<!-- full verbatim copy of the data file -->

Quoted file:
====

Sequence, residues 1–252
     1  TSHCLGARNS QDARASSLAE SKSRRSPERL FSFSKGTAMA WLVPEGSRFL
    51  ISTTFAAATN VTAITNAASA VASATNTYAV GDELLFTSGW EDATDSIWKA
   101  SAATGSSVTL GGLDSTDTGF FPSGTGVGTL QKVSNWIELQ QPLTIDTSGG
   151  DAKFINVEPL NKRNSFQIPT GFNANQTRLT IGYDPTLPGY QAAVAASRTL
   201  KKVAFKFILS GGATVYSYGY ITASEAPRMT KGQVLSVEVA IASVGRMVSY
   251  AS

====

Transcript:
Sequence, residues 1–252
     1  TSHCLGARNS QDARASSLAE SKSRRSPERL FSFSKGTAMA WLVPEGSRFL
    51  ISTTFAAATN VTAITNAASA VASATNTYAV GDELLFTSGW EDATDSIWKA
   101  SAATGSSVTL GGLDSTDTGF FPSGTGVGTL QKVSNWIELQ QPLTIDTSGG
   151  DAKFINVEPL NKRNSFQIPT GFNANQTRLT IGYDPTLPGY QAAVAASRTL
   201  KKVAFKFILS GGATVYSYGY ITASEAPRMT KGQVLSVEVA IASVGRMVSY
   251  AS